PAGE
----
The only sticking point that I'm not sure of, is the VID/PID thing. If I made a device that I could sell (humor me), it seems I would have to sell a lot of them just to recover the cost of getting a VID. Maybe there are alternatives, or I'm misunderstanding the VID/PID thing (hence the hesitation to even spend a lot of time figuring the usb thing out). Don't Know.

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Quote:
JS: It's an emotional thing. It's just that I don't like the structure used in C.
Hey, I know how you feel. You are talking to the #1 asm poster here: The asm champion :lol: nice to have some help though.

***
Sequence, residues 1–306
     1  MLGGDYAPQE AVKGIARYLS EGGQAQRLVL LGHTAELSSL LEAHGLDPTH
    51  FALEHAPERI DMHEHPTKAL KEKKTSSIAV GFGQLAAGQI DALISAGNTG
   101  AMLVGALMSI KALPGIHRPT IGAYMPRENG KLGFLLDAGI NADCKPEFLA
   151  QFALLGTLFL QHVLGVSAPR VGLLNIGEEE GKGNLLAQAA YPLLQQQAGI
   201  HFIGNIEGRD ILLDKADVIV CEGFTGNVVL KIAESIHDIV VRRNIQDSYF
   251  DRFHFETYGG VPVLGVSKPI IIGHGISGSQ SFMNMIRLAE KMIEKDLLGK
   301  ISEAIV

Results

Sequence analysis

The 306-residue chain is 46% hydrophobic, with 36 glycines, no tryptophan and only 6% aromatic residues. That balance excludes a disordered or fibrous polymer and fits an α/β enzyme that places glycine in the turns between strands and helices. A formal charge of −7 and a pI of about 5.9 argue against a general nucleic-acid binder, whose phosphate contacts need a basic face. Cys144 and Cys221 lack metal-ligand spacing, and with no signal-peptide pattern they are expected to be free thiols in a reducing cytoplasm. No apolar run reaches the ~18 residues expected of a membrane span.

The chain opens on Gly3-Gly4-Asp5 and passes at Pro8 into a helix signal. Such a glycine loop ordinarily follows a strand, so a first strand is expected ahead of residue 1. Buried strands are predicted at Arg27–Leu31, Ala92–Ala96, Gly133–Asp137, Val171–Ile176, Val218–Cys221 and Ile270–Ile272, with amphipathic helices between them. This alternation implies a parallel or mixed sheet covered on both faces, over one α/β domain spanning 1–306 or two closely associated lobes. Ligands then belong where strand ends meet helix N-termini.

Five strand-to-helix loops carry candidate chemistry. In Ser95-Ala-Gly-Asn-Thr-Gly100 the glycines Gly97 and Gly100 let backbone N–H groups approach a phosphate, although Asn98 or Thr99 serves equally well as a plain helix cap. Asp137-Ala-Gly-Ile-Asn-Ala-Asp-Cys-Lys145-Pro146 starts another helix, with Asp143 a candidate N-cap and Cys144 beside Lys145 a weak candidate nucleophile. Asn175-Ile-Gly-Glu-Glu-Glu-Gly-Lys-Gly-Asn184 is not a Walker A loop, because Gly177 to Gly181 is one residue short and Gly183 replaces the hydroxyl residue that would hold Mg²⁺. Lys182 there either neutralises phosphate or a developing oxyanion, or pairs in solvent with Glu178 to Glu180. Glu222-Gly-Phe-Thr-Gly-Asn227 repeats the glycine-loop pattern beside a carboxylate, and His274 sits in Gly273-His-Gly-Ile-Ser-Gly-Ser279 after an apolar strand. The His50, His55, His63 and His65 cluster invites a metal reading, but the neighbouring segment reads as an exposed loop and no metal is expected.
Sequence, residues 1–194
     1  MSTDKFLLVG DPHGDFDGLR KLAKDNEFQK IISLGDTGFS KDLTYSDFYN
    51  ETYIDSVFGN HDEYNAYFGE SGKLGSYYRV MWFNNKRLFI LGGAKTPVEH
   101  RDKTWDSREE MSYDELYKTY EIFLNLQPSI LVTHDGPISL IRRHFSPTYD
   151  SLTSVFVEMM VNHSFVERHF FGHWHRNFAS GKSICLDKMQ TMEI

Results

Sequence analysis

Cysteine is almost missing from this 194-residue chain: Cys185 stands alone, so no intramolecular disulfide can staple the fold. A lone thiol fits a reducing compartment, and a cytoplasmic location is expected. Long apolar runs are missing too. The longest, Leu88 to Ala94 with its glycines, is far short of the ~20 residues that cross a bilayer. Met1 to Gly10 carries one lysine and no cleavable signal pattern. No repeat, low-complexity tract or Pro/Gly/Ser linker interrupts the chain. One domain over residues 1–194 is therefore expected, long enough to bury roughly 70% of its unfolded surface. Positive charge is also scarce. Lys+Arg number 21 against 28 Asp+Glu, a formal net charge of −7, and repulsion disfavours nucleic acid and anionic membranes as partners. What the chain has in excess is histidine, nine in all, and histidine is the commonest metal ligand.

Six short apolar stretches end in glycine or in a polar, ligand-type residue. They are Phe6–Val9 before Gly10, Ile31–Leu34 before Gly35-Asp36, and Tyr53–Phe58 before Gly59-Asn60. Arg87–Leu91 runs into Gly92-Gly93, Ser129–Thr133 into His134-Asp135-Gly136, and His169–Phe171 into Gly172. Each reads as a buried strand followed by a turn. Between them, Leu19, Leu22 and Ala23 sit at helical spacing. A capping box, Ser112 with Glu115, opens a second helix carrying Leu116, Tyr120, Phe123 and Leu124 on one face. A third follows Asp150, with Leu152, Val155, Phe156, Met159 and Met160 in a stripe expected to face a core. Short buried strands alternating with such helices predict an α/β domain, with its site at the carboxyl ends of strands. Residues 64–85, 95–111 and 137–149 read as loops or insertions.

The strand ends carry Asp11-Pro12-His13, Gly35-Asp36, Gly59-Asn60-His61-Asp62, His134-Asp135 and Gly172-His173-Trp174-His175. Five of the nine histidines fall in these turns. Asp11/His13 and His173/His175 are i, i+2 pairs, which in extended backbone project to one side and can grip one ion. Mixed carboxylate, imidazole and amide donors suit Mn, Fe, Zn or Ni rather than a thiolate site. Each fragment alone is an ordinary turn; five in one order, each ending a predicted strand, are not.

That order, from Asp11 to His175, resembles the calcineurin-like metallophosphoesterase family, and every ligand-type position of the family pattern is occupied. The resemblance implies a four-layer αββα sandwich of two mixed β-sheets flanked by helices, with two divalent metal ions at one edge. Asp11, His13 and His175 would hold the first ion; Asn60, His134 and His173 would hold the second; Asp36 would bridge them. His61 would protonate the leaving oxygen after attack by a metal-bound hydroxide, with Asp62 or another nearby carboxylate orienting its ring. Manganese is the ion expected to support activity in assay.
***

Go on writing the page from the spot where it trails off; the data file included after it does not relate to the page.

John Samperi

Ampertronics Pty. Ltd.

www.ampertronics.com.au

* Electronic Design * Custom Products * Contract Assembly

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Dean: Do you think that I figure out how to construct a program that makes the AT90USB operate as a HID keyboard or mouse, I should be able to make any other device based on what I already learned?

The reason I'm so obsessed with these HID devices is they appear fairly simple and they don't need me to write any drivers for them to operate on most common OS.
For instance; I've found out my Intellimouse Explorer 3.0 has just 2 endpoints. The default Endpoint0 for control, and one 4 byte IN endpoint. A wild guess here would be that those 4 bytes are much the same a the ones in a PS/2 mouse "motion" frame.